RESPECT for the Queen of Soul

The first time I heard the angelic voice of Aretha Franklin I was still a puppy. Doc would put on her CD’s on Saturday mornings while she cleaned the house and sing along with the Queen at the top of her lungs. When Doc told me that she passed away I felt that not only had we lost a beautiful voice, but that a force of nature had left the earth.

Aretha never allowed the bad things that happened to her define her. In spite of her mother leaving when she was only six and being a survivor of domestic violence she followed her vision with courage and grace. A self-taught pianist, she used her voice to uplift others and inspire those struggling with their own problems. Supporting the civil rights movement was one of her passions and she used her gifts to advocate for racial equality.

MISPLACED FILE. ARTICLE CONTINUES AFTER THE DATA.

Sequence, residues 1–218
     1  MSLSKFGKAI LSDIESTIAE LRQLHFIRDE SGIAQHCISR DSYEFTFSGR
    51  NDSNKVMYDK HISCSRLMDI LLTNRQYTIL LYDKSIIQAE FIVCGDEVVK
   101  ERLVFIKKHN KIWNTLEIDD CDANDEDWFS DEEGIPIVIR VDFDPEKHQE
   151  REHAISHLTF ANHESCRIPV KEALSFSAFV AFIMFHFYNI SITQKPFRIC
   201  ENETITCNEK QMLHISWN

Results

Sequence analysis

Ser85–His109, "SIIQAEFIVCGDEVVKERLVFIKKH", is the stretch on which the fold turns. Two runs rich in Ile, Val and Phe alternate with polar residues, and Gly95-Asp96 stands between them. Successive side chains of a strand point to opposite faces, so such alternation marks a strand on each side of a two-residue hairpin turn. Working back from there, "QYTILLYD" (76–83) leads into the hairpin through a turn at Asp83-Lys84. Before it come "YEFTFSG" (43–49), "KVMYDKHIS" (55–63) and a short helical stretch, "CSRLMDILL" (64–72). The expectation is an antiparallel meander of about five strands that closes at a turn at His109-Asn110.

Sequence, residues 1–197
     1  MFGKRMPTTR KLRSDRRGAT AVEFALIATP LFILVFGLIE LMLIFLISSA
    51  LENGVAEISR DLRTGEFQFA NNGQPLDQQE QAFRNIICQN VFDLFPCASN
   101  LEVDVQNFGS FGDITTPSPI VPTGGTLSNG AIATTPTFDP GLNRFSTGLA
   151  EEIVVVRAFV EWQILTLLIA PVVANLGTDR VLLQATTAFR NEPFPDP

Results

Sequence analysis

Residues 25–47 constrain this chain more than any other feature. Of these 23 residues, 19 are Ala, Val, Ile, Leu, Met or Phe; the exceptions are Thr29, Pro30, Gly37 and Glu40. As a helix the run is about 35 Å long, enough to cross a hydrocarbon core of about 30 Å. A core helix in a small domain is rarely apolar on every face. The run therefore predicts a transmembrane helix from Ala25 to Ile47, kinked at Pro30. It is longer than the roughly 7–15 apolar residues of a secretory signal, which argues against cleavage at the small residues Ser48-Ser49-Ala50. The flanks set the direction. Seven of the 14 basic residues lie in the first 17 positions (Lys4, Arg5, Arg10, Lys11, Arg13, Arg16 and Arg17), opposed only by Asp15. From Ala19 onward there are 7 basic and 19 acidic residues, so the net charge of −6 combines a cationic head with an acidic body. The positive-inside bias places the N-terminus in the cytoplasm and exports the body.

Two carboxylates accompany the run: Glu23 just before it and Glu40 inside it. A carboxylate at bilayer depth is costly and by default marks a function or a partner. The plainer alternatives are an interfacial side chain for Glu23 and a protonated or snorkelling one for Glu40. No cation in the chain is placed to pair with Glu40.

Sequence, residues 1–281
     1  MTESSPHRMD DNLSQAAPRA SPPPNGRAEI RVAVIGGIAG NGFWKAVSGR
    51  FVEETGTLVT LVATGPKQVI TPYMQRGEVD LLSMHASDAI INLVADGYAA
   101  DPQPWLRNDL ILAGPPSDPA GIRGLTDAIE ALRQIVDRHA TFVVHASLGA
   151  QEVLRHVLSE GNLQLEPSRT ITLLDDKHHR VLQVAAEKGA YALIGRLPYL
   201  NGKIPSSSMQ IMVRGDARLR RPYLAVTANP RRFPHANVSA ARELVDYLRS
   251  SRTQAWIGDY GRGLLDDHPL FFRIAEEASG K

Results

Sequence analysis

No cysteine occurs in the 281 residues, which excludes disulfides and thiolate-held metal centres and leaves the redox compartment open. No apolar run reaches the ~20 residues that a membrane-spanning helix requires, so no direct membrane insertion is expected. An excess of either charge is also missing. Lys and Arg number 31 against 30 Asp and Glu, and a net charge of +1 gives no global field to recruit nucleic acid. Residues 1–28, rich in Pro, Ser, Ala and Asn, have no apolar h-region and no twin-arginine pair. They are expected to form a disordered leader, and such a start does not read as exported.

In spite of being a high school drop out, she earned 12 honorary degrees. She performed at three presidential inaugurations, held 44 Grammy nominations and eighteen wins, was the first female to be inducted into the Rock and Roll Hall of fame and was the proud mother of three children.

Even though I am sad she is gone, Doc says her symbol of empowerment will live on through future generations. I know her spirit will continue to live on in our home every Saturday morning when Doc cranks up the music and sings along loud and strong “R-E-S-P-E-C-T , Find out what it means to me.”



1 Comment
  • connie r siegle
    August 23, 2018

    Dear Grover, I had not known that Aretha Franklin was such a versatile and influential woman,,, I just knew that she had a fabulous voice. If I could only have done a fraction of her good deeds I would be satisfied.Let us all learn from this great woman. connie